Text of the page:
Most of the time, a starter makes it at least twice through the batting order, even if they're struggling. Except in blowup starts or cases in which managers intend a strategy like the opener or a bullpen game, teams need their starter to get into the third trip through the opposing lineup. That prevents the bullpen from being overtaxed, since facing at least 18 batters often gets a starter at least into the fifth inning. Ideally, of course, the starter goes more like six or seven innings, even in the modern game.
As a pitcher works deeper into a given game, though, they tire, and as each hitter in the order gets more and more looks at the hurler's stuff, they slowly gain an advantage over them. A manager ignorant of the times-through-the-order penalty (or just insufficiently proactive in mitigating it) can lose a lot of games before even getting the chance to have their bullpen save them.
As we all know, starters pitch much less deep than they used to, and it's not only because of times-through-the-order effects. Still, that's a key factor to consider, and it's also different from one year to the next. When, on average, should a manager let the progress of the game nudge their starter off the mound? It depends as much on the dynamics of the opposing order as on the pitcher himself.
Start, then, by considering the average relative production from each place in the batting order this season. I also tried to place that production in historical context. To do so, I confined my search to the American League, over the last 51 years. That way, we're looking only at lineups that go nine players deep, without the complicating factor of the pitcher in the ninth spot.
League OPS+ By Lineup Spot, 2023
|Batting Order Pos.||OPS+||Rank (of 51)|
As you can see, the third through seventh spots in the order were about as bad (relative to the rest of the league) as they have been at any time in the last five decades. By contrast, the top and bottom of the order were more dangerous than they have traditionally been. Modern lineups are flatter than their predecessors, and the bad hitters in them have more power than they used to. The danger in a lineup starts earlier, but in the middle, you don't have titanic and well-rounded sluggers to fear.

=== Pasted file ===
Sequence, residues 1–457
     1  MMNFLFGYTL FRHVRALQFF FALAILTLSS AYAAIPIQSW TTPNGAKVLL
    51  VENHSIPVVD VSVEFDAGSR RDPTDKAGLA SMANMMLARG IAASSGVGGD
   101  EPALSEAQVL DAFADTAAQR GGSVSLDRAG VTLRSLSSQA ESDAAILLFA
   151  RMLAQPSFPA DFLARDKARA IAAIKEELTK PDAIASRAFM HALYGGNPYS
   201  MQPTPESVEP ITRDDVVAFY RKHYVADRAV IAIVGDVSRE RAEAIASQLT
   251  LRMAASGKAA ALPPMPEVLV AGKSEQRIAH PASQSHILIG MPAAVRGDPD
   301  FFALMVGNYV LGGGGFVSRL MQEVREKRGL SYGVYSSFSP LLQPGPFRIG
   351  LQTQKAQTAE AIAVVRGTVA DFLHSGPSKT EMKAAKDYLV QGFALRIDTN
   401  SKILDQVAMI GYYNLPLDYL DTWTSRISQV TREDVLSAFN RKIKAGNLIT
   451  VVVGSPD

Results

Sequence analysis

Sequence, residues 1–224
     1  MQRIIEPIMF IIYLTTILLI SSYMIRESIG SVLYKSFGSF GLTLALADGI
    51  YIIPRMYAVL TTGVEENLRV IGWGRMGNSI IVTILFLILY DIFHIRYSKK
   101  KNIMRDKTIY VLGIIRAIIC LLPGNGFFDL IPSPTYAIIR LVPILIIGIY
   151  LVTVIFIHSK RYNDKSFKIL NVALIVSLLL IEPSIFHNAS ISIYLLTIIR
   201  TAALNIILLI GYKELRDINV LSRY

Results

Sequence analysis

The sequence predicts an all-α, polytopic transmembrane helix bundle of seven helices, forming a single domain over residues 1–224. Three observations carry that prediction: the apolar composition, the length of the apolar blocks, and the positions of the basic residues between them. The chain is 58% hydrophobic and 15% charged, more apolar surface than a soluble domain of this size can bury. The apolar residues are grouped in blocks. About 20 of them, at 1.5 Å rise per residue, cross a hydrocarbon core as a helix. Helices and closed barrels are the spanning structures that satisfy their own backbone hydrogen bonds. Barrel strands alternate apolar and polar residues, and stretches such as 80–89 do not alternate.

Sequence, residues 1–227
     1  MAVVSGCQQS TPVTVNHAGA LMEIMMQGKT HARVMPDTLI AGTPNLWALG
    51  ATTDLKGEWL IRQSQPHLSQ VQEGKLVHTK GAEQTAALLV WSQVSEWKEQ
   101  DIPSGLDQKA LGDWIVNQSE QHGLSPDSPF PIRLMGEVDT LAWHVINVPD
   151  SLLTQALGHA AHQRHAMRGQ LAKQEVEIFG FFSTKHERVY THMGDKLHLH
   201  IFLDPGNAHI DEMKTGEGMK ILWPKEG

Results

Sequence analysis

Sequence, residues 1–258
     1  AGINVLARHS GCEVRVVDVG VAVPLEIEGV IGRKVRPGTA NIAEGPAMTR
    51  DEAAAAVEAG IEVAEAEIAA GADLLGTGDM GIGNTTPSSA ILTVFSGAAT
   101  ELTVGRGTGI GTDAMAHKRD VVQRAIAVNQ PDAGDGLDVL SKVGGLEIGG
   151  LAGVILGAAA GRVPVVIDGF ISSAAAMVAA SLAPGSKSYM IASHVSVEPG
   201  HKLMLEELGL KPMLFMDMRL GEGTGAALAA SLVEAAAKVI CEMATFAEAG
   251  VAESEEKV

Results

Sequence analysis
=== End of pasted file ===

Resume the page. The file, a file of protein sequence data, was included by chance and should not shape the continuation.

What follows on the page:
Managers have reacted accordingly. By looking at the frequency of each number of batters faced within a start throughout the league, we can see trends and changes in when the skipper is going to get his starter and turn to his relief corps.
Again, we already knew about the macro trend toward starters facing fewer batters and working less deep into games. What this illustrates, though, is that it's not a uniform change. There's a distribution shift taking place, too. The bell curve is taller and thinner than it was in the past. Notice how much more often pitchers are lifted before seeing the first or second hitter a third time. The biggest spikes are in the relative frequency of taking pitchers out after 22, 23, or 24 batters, though. That means that skippers are disproportionately removing their guys as they wade through that soft(er than the historical norm) spot in the middle of the batting order.
The sweet spot is right in there. Assuming a good bullpen and a healthy starter, managers do best when they take their starters out after somewhere between 21 and 25 batters, at least under 2023 conditions. That worked like gangbusters for the Brewers this season. Only the Orioles lifted their starters in the 21-25 sweet spot more times (108) than Milwaukee's 105. Craig Counsell only left his starters in past that sweet spot 21 times. Given the shape of their pitching staffs, no team better timed the key substitution of any ball game--taking out the starter--than did the Crew. It was part of why they were so sensational at run prevention.
Many of these dynamics could subtly shift again in 2024. Many things could change on the Brewers' end, too, including Brandon Woodruff being out for the year and Counsell (perhaps) not being the one pressing the buttons and pulling the levers. For this season, though, everything worked gorgeously, because the team was ahead of the curve of league-wide change.
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